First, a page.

Monday, May 14, 2007

The Death of Infiniband

I've always wanted to predict the death of something.

Today is my lucky day - I predict the death of Infiniband.

Yeah, sure. I'm not exactly going out on a limb here. Consolidation onto Ethernet has been an ongoing saga in networking as one LAN technology after another dies and is replaced with Ethernet. FDDI, ATM, Token Ring, and even early AppleTalk. The list goes on...

However, there have been some things that even Ethernet hasn't mastered yet and low latency is one of them. The market for low latency networking has continued amongst the High Performance Computing (HPC) crowd where researchers who can't brute force their way through gigabit Ethernet or afford big SMP machines end up with either Infiniband or Myrinet.

The problem with the HPC space, however, is that it isn't very big to start with and the growth rate just isn't there. As is traditionally the case, the real growth opportunity lies in the enterprise. The challenge with the enterprise for high speed interconnects is that they aren't ready to blow off their investment in Ethernet. As a result, Myrinet has already announced a 10G Ethernet product. They've made their position pretty clear: we aren't going to beat'm, so we'll join'm. They'll still offer their uber-low-latency products, but administrators will have a choice.

Mellanox, the Infiniband poster child, may be pushing their Infiniband story in the press, however they recently backed a 40G Ethernet proposal. I'm not a genius, but if that don't hint to a roadmap, I don't know what does.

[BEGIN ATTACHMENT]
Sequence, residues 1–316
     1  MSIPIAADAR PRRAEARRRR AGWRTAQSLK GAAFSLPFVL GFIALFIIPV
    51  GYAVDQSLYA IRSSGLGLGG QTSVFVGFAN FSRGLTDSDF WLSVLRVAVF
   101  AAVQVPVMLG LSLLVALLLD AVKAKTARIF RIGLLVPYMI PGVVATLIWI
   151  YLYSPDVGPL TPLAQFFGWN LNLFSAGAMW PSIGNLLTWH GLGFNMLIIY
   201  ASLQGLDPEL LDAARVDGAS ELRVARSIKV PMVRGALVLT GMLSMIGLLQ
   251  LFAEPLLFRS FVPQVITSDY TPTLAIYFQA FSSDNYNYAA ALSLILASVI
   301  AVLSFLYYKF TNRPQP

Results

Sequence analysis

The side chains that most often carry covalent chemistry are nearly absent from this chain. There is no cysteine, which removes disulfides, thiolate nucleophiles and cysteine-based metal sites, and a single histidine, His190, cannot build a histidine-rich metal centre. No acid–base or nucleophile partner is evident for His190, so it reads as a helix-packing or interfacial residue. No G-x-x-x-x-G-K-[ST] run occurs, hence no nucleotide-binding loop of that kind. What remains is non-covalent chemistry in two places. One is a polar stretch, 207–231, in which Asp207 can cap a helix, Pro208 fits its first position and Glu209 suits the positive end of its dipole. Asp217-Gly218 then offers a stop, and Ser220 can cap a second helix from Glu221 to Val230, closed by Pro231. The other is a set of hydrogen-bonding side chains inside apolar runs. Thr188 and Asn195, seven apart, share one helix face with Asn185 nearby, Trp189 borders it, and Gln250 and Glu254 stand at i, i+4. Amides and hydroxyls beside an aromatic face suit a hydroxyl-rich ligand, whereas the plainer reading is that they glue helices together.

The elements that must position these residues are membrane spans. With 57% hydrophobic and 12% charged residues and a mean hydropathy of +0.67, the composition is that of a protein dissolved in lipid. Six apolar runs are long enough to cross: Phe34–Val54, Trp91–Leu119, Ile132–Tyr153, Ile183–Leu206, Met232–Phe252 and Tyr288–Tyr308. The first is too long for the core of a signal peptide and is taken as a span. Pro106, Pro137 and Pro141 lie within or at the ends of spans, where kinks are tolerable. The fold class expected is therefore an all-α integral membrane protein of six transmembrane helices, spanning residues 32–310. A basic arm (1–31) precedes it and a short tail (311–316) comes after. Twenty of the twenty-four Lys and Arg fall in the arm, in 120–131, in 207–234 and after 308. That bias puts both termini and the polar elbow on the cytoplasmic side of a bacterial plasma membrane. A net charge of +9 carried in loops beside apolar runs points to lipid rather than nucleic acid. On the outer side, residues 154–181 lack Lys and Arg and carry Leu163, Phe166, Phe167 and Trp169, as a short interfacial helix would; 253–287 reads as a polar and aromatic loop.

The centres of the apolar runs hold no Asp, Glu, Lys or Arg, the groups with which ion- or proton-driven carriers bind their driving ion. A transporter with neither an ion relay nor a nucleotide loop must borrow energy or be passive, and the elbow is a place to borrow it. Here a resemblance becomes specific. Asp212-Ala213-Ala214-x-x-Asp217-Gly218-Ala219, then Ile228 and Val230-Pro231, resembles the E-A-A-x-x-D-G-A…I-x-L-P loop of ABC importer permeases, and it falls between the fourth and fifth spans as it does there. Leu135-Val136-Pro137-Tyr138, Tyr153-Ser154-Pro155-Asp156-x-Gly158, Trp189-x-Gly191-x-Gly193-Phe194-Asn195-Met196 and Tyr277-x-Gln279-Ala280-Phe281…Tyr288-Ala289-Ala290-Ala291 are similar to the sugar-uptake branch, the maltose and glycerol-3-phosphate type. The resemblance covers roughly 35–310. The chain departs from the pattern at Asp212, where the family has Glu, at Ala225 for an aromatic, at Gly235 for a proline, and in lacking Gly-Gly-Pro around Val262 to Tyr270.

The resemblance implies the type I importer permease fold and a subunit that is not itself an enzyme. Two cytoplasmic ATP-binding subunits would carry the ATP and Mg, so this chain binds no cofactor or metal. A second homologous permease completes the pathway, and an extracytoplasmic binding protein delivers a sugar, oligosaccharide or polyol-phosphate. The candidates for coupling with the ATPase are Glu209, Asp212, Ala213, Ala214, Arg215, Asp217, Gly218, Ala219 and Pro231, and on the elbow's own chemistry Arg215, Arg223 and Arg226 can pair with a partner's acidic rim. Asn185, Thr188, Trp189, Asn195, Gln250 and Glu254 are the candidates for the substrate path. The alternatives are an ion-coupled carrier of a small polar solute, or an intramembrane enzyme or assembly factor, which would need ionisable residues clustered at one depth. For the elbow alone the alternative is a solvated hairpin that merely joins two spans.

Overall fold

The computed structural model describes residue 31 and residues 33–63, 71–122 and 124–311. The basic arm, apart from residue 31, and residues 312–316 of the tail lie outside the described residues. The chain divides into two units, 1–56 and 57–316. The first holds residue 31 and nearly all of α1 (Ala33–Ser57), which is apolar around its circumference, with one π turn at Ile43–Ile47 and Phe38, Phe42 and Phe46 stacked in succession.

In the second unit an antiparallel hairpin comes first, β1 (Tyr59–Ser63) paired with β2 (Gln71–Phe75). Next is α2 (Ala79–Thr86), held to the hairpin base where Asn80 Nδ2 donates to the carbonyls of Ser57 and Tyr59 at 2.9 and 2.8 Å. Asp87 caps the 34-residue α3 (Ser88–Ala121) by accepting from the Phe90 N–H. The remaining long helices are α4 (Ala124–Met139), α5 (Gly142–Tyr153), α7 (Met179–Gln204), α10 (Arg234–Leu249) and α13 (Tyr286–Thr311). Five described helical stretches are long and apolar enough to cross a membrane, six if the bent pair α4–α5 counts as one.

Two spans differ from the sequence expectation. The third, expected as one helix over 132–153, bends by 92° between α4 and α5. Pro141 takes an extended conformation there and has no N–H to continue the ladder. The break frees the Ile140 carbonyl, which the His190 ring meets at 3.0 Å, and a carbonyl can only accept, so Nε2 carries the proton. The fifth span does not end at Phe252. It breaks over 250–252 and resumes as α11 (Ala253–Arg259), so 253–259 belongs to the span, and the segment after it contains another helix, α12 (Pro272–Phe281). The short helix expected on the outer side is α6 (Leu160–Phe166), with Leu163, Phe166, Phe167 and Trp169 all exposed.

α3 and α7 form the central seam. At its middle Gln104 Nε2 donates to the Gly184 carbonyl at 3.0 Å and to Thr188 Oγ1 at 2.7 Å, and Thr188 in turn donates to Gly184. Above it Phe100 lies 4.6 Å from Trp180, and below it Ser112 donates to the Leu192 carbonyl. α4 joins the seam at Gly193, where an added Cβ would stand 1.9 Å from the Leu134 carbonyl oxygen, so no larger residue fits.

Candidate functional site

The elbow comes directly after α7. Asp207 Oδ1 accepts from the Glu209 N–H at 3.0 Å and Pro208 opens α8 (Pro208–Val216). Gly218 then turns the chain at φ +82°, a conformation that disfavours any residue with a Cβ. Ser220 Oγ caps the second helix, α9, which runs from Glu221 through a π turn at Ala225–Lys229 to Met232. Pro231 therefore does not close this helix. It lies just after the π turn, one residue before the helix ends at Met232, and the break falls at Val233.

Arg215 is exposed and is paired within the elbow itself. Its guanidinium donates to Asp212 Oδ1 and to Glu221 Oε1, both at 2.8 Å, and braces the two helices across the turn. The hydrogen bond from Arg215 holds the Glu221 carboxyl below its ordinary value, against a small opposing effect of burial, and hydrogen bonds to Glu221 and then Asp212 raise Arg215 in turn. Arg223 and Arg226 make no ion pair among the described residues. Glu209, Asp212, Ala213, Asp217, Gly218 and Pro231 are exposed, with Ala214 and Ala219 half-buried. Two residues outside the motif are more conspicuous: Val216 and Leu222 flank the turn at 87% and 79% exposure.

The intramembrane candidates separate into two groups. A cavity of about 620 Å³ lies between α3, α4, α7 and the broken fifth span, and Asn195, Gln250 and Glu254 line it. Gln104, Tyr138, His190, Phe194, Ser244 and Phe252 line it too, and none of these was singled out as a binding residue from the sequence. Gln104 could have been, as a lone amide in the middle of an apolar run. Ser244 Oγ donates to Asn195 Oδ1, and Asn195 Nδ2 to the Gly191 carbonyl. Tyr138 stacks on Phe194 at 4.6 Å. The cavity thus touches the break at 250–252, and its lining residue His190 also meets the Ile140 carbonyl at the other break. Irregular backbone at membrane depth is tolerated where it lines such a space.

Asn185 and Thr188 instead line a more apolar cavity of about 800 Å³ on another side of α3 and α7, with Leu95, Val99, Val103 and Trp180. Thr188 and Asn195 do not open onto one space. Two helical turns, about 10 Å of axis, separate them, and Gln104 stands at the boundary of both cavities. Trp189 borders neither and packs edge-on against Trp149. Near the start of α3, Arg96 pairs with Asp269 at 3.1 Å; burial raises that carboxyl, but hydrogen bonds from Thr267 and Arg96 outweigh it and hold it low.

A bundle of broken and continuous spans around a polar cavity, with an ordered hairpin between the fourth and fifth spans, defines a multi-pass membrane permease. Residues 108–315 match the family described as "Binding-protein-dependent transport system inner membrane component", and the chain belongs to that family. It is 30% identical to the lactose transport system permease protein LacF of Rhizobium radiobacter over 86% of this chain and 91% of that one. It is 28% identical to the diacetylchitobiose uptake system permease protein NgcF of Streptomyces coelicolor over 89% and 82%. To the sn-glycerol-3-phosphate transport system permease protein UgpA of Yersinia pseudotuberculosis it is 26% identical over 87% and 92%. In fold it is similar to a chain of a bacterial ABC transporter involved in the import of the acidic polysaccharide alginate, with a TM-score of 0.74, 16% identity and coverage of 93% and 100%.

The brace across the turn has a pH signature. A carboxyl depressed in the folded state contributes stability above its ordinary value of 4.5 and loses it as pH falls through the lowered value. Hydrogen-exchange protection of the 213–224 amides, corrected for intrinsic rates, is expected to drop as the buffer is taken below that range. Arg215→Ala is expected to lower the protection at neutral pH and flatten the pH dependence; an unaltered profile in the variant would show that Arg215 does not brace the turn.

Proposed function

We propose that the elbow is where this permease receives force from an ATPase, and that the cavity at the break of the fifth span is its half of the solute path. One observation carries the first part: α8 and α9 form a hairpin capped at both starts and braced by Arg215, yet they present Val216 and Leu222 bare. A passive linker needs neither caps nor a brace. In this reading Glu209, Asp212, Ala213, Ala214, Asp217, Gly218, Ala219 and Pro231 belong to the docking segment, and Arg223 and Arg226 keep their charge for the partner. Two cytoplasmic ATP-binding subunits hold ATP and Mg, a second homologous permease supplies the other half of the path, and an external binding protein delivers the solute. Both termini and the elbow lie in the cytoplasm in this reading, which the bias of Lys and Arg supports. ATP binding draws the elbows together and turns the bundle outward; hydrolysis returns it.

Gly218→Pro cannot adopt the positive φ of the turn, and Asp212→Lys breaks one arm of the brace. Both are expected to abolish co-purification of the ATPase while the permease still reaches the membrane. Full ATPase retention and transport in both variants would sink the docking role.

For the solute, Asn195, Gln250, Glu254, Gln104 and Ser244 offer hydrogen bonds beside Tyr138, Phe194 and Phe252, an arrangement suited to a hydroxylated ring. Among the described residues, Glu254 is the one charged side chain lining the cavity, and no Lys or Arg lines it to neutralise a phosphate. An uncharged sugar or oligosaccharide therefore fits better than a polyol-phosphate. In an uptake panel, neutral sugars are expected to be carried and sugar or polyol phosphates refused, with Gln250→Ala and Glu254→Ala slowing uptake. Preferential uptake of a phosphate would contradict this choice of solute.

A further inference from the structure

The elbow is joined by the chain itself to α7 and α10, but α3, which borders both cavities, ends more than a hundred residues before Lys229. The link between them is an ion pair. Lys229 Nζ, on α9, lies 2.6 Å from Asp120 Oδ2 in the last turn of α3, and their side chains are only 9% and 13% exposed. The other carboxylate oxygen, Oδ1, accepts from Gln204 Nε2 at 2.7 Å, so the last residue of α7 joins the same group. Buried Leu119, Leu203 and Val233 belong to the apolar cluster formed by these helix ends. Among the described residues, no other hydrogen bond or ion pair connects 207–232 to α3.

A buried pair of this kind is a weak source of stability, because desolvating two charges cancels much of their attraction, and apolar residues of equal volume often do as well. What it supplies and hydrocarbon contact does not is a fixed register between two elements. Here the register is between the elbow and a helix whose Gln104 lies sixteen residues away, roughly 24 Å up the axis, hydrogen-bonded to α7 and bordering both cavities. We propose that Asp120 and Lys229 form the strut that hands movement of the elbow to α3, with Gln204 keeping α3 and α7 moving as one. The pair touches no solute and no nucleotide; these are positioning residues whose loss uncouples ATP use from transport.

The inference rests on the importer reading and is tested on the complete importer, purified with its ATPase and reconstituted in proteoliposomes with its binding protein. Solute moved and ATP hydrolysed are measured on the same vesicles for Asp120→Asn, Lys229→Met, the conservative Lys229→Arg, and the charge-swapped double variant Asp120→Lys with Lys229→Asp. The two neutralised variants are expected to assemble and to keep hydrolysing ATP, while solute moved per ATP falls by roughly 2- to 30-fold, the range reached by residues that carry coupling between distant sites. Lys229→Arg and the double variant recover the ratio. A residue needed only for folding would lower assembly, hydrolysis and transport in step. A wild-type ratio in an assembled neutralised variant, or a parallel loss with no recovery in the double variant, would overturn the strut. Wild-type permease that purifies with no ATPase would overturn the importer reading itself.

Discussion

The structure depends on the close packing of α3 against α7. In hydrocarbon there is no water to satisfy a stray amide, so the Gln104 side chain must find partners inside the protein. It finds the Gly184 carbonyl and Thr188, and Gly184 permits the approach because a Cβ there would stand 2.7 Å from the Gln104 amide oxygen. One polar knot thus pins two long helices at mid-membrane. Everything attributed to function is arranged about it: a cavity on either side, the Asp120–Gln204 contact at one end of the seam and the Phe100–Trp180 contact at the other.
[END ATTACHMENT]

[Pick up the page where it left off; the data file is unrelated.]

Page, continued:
In the end, the only player that will be left for the foreseeable future will be Fibre Channel (FC). This isn't because FC has the magic touch that will make it invincible to Ethernet, but it is because FC has a significant installed base that isn't going to toss their investment so quickly. But... If FC over Ethernet (FCoE) takes off as expected, it is only a matter of time before straight up FC goes the way of SNA.

Does all this death create a significant opportunity for low latency Ethernet? That remains to be seen. To date, I have only seen low latency claims achieved through RDMA and I don't buy that applications are going to change to accommodate the protocol shift. Does intra-datacenter latency really matter then? Will people put money behind reduced latency Ethernet that doesn't require changes?

Good questions. I believe that the answer is yes. But that's for another blog entry...


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